Dread becomes her

To Gillian Flynn, dread is "that sense that you've got a rope around your middle and it's pulling you toward something." That's what the author of "Sharp Objects," "Dark Places" and the breakout hit "Gone Girl" wants you to feel while reading her work, rather than old-fashioned fear. "To me, dread is always the more potent feeling that I like to talk about," she said in a phone conversation from her Ukrainian Village home, where she lives with her husband and son. Here are five quick hits with Flynn.

Which "Gone Girl" character--Nick or Amy--she empathizes with more:

Both at different points in the novel. We agreed that at some point, all women have thought about getting the type of revenge Amy exacts on Nick. We're just not exactly crazy enough to go through with it.

How much influence she's had over the film version of 'Gone Girl':

Flynn adapted her book into the script, but wasn't involved in the casting process, though she said she was happy with the choices of Ben Affleck as Nick and Rosamund Pike as Amy. She's also ventured to Missouri to visit the movie's set.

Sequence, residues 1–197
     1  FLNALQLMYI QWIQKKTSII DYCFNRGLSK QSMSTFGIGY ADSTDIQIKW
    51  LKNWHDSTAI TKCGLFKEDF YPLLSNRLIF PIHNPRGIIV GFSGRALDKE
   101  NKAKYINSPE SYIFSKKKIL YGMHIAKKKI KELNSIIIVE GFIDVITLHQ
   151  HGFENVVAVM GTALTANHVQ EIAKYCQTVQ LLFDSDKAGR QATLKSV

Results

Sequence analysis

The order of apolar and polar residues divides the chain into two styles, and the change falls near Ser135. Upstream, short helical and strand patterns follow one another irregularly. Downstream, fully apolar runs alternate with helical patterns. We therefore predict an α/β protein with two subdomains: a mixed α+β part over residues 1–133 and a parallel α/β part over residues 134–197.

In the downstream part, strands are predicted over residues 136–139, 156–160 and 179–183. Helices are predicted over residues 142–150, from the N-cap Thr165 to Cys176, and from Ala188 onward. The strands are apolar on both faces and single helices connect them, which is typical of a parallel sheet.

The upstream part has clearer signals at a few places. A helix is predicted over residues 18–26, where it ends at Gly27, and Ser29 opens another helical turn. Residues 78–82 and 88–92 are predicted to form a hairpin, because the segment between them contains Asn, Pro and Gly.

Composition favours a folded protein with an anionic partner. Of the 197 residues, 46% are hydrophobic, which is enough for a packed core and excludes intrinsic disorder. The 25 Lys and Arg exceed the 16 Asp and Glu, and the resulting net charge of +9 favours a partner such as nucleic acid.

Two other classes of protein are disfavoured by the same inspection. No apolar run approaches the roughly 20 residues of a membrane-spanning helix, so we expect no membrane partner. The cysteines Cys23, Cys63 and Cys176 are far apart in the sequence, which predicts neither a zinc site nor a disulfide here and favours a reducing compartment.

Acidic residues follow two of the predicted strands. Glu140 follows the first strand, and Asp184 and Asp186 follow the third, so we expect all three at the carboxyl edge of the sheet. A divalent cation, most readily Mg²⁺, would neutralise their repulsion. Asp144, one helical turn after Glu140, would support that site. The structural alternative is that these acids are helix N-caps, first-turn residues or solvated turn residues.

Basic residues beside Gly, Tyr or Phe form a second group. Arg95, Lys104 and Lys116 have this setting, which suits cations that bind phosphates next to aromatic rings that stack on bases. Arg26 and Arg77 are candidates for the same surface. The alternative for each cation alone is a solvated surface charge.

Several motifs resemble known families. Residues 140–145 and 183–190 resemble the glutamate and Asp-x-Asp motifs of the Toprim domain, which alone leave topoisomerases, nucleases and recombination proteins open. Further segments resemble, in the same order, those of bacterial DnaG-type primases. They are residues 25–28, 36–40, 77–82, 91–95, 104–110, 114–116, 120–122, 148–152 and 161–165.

The impetus that really made "Gone Girl" take off:

Flynn has no idea, but suspects the book mostly grew through word-of-mouth. She recalls sitting in her backyard with her husband on the Fourth of July last year and toasting that the novel had hit No. 1.

Her favorite Chicago author of the year:

Marcus Sakey, author of "Brilliance." While on a trip to Paris, Flynn said she would fantasize about being able to return to her hotel room and continue reading. Now that's the definition of a can't-put-it-down novel.

Where she hangs out in Chicago:

Flynn said you can find her and husband Brett Nolan at Innertown Pub. She's also a fan of taking a mid-day break to walk around her neighborhood and by the lake to clear her head during writing.

About her next book:

What, you think she was going to give away any secrets? Flynn took the entire month of November off to rejuvenate, but now that December has rolled around, she's back to writing in her basement office. She told me she's got the first sentence of her novel in her head, and hopes to write more about Chicago this time.


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